By L R H Anrdt.
Now Laurence is gone. He was due to figure in our series, to enlighten and uplift: his obituary has been written, and that other piece must now wait Editorial fiat.
The Magazine can have seldom given more prominence to an Old Boy than to this handsome embodiment of an ideal, Mens sana in corpore sano, who his school-mates once welcomed home in triumphal progress. Alas that his later contact with the pukka sahib of the I. C. S. should have fostered a reserve-some would call it hauteur-towards his countrymen: and family.
One wrote of him very recently "He was always a perfect gentleman and a charming Lost. Despite this one sensed it would have been hard to penetrate through a barrier of a sort of cold reserve which surrounded him... He was a man with a presence and very good-looking. I knew him best in my imagination via STC Magazines and his prowess in Cricket. L. was an old world island in a modern sea-but an interested one... He was a keen observer".
Someday more must be told of this figure-this legend!
Obituary notice in The Times(Nov. 3) recalled that he was 'one of the greatest products of St. Thomas' College', and with bis two brothers created "a recode unparalleled by any other Ceylon family" in the annals of the University Scholarships. Further, they not only excelled as scholars... but also were outstanding cricketers. The "memorable match" of 1906 was also recalled -when Laurence took 14 wickets for only 55 runs. -At Cambridge .... (he) did brilliantly and passed out into the ICU in which he served for over 25 years;. In fact, of course, he did not go to Cambridge, but to King's College London, and Gray's Inn.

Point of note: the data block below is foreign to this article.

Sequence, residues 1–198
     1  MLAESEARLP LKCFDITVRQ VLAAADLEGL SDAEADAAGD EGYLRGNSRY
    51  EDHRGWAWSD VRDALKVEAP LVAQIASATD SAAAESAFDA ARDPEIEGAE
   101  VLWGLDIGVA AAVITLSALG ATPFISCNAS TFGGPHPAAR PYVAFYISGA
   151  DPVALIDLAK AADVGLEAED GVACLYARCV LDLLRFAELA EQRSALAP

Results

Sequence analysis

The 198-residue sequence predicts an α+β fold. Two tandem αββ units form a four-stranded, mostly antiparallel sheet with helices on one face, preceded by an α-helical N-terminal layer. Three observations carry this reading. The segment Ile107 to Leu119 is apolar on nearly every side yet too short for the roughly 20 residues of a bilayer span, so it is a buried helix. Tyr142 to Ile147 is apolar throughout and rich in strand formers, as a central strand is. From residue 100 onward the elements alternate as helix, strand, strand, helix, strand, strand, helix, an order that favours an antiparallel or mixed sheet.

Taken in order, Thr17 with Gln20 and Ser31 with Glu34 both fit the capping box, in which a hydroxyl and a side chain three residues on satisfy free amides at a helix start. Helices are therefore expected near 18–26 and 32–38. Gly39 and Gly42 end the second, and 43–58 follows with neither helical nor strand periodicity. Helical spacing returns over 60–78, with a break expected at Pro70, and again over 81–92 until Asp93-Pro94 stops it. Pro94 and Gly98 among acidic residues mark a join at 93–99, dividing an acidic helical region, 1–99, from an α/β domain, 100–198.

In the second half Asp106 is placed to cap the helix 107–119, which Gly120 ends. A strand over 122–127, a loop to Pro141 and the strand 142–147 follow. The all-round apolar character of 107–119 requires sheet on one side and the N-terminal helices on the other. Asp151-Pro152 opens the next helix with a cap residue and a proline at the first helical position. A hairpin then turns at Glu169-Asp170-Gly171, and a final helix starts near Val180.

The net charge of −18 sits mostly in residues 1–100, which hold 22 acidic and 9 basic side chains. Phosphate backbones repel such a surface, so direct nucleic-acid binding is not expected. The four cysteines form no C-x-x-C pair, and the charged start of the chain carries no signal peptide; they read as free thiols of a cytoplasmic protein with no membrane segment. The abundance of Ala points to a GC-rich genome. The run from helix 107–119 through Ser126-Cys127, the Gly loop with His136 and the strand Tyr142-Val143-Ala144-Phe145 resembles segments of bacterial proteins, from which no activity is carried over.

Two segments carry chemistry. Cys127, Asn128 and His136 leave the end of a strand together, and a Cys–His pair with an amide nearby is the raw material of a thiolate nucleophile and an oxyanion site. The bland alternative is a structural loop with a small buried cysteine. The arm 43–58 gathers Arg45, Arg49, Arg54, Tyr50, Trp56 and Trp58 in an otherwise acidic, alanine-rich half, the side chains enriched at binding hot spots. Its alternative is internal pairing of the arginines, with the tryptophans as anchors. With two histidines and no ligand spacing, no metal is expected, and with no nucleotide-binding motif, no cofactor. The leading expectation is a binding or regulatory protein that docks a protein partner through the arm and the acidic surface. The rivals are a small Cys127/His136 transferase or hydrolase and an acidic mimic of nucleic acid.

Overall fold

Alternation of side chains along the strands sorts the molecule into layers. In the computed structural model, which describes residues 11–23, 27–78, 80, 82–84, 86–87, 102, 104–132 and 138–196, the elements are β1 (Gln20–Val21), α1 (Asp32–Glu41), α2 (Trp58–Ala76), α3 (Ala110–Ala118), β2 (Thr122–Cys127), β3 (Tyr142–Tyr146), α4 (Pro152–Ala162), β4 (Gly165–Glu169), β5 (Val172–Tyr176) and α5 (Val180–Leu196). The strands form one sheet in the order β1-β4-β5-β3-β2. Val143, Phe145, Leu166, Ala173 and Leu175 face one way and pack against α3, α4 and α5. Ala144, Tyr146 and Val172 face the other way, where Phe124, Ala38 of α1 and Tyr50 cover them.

The story of his movements from the Italian Riviera to Belgium and later, again, to England, just escaping from U-boats in World War II, makes stirring reading.
S P F in the Ceylon Observer, Oct. 28, wrote more in the same stain, stressing the brilliant scholastic recode and the equally brilliant cricketing prowess. He recalled Laurence's bowling feats, and the fact that he was in the victorious team in 1904, 1905, 1906. Incidentally in 1906 S. Joseph's alone prevented a win, and that, too, only barely-six wickets falling for only 11 runs from "sheer terror" (L A A, Royal vs St. Thomas'-E. W.Foenander 1918). Laurence in that year was the dominant star of a "redoubtable trio," with "Speldewinde the demon left hand bowler, and Sourjah the automatic stumper!" (ibidem). S P F remembers watching Laurence taking those 14 wickets-8 for 38 and 6 for 17, -watch is the best of its kind as a two innings performance in these contents.
The Ceylon Fortnightly Review Nov. 6, adds that he 'incidentally proved one of the most aggressive batsmen in school cricket during the years he turned out with his younger brother..' The writer of that note states he was happy to meet Laurence in 1912, in a London bus. He had come to witness the Test Match at Lord's between England and Australia.
His eldest brother-himself an outstanding all-rounder-survives him, the last of the brothers. His mortal remains were privately cremated in South London. He leaves his only sister, in Ceylon, and his window, in England.